Tuesday, April 13, 2021

Jonesin' 4:45 (Derek) 


LAT 3:18 (Derek) 


NYT 3:26 (Amy) 


Universal untimed (Jim Q) 


WSJ untimed (Jim P) 


Xword Nation untimed (Ade) 


Elizabeth C. Gorski’s Crsswrd Nation puzzle (Week 515), “Round Trip Ticket!”—Ade’s take

Crossword Nation puzzle solution, Week 515: “Round Trip Ticket!”

Good day, everybody! Those April showers are really pouring here in the Northeast at the moment, and here is hoping the rest of you are doing well and staying dry.

One of these days, a good number of us will get back to gleefully booking some amazing flights, and this puzzle definitely got me thinking of that. In the grid, the first theme entry is a two-word answer, and each subsequent theme entry going down then begins with the same word as the previous theme entry ended with. The last theme entry then ends with the first word of the first theme entry to tie it all together.

    • HOME OFFICE (16A: [During COVID-19, many a kitchen table, bedroom or living room])
    • OFFICE WORK (23A: [What a temp may be hired to do])
    • WORK HARD (33A: [Toil away])
    • HARDBALL (38A: [Type of politics marked by ruthless tactics and intimidation])
    • BALL RETURN (46A: [Bowling alley feature]) – Did you hear about the 18-year-old who successfully picked up a spare by converting a 7-10 split on national television yesterday, the first one seen on national TV in 30 years?!? Oh, you didn’t. OK, carry on…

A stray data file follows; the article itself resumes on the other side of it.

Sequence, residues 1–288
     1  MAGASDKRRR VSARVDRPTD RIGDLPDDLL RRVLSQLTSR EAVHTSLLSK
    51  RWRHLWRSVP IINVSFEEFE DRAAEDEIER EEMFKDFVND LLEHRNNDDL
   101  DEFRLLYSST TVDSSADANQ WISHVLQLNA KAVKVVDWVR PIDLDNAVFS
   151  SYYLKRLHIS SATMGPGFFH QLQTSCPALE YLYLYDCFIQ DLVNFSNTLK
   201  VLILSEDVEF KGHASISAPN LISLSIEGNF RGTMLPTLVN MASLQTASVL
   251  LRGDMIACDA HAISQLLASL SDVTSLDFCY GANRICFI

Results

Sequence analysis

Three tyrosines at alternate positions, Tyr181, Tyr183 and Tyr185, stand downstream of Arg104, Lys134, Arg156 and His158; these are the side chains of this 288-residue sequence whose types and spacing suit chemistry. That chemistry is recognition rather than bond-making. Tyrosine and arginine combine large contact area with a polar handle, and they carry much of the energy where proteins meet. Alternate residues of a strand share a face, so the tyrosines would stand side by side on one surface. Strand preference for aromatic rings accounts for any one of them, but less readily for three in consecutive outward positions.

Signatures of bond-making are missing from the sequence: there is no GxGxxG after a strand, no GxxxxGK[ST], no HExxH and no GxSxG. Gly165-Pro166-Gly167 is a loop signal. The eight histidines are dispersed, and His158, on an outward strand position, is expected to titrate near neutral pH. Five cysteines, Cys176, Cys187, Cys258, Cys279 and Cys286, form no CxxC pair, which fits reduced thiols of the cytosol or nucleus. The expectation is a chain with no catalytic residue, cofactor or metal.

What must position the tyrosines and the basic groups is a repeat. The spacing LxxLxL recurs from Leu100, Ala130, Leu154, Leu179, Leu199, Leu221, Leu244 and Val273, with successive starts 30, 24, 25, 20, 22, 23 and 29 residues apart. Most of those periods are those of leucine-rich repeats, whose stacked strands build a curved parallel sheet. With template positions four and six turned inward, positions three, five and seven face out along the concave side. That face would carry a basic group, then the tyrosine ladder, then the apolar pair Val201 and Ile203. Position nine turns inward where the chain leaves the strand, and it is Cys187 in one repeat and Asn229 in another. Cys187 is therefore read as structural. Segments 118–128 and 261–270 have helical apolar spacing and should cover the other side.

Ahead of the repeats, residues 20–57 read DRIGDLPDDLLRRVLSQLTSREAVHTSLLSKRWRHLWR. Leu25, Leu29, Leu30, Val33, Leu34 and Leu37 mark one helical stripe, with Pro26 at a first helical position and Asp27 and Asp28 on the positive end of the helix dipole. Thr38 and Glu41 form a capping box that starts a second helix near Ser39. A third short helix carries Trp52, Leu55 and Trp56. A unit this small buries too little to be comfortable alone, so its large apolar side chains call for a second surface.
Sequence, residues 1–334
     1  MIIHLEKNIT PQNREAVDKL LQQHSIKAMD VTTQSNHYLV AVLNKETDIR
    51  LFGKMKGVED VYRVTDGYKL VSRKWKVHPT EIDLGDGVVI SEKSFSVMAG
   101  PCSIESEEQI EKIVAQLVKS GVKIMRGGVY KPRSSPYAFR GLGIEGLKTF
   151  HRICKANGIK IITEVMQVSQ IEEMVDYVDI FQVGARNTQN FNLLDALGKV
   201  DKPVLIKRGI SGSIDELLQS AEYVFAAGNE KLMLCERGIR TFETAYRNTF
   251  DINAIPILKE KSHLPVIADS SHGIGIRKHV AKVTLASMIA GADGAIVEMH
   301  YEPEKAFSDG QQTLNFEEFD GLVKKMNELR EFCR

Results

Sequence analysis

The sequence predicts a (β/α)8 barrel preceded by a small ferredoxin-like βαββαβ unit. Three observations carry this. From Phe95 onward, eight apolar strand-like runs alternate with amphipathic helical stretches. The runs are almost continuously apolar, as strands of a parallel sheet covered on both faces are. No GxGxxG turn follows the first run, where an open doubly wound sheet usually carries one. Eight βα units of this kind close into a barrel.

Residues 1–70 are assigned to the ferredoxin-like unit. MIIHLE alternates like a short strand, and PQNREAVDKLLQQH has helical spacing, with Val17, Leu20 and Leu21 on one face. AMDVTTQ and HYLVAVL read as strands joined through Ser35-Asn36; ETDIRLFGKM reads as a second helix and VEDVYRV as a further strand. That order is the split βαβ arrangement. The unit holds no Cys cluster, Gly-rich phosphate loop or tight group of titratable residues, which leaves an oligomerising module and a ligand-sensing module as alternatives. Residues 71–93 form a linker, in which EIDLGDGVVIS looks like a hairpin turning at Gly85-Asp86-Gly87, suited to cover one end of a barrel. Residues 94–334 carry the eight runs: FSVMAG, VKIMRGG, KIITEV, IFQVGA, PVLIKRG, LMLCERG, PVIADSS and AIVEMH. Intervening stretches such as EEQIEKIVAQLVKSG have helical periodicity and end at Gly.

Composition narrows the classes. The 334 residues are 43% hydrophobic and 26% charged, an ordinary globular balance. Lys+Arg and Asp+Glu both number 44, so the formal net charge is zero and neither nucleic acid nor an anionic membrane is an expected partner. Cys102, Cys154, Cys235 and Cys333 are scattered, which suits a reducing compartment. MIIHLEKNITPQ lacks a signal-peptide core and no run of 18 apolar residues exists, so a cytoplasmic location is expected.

• RETURN HOME (57A: [Head back])

It has been a long, long while since I’ve seen ROHE (30D: [Architect Ludwig Mies van der ___]) in the grid, and thank goodness that lot of crosswords that I started with years ago had that entry appear regularly because OLAN was definitely not going to come to me without the crossings (35D: [“The Good Earth” heroine]). It took me a while from the first time I ever watched a baseball game and heard broadcasters talking about rain delays to put together that “tarp” was short for TARPAULIN (32D: [Waterproof cloth that protects a boat in storage]). Speaking of trying to understand origins of words when a kid, the only thing that entered my mind when seeing PRISSY was the name of the hen alongside Foghorn Leghorn in a number of Looney Tunes cartoons (41A: [Way too prim and proper]).

“Sports will make you smarter” moment of the day: SHEP (13D: [CNBC news anchor Smith]) – During the mid 1970s, the North American Soccer League helped to increase the popularity and interest of soccer in American when it acquired some of the biggest international stars in the world, with the New York Cosmos ending up with footballing legends such as Pelé, Franz Beckenbauer and Giorgio Chinaglia. The Cosmos’ goalkeeper during that time was a man named Shep Messing, who was in goal for the Cosmos when it won the 1977 Soccer Bowl (NASL Championship game). Messing, who in 1977 became the highest-paid American in the league, has spent the last couple of decades as a television soccer analyst and currently works as the color commentator during New York Red Bulls games on the MSG Network.

Thank you so much for the time, everybody! Have a wonderful and safe rest of your day and, as always, keep solving!

Take care!


Michael Lieberman’s New York Times crossword—Amy’s write-up

NY Times crossword solution, 4 13 21, no. 0413

Our revealer today is 59a. [Bumpy beginning … or a hint to 18-, 24-, 36- and 52-Across], ROCKY START, and those four themers start with words that can follow ROCKY:

  • 18a. [Coyote outfoxer, in cartoons], ROAD RUNNER. Rocky road. I miss ice cream!